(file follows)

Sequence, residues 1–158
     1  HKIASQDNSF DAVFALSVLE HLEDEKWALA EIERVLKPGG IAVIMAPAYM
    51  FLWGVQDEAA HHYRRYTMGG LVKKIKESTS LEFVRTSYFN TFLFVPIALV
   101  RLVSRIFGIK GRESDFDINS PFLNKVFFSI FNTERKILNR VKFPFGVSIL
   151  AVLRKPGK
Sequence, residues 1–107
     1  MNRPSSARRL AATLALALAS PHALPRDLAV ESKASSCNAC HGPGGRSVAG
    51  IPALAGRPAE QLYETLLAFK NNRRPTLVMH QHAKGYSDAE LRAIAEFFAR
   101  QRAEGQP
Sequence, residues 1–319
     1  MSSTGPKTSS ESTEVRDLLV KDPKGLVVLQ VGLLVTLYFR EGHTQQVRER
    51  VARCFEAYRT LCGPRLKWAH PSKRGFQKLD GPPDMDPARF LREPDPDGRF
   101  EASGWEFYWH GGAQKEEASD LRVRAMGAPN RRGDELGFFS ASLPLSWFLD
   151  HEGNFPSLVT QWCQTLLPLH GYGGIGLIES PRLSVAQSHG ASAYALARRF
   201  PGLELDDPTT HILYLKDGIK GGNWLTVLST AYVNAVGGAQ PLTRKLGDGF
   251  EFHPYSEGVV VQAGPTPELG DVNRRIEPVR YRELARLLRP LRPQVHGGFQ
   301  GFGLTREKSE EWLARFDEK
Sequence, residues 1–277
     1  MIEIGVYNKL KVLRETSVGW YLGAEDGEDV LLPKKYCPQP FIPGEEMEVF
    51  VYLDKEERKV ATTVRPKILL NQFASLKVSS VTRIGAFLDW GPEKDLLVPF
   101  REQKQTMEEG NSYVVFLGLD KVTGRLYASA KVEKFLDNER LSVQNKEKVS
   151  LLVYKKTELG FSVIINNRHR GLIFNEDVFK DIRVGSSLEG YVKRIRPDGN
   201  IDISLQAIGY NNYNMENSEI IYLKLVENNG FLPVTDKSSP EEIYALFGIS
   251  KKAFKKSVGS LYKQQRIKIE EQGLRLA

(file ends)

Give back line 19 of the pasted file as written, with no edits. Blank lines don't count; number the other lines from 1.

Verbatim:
     1  MIEIGVYNKL KVLRETSVGW YLGAEDGEDV LLPKKYCPQP FIPGEEMEVF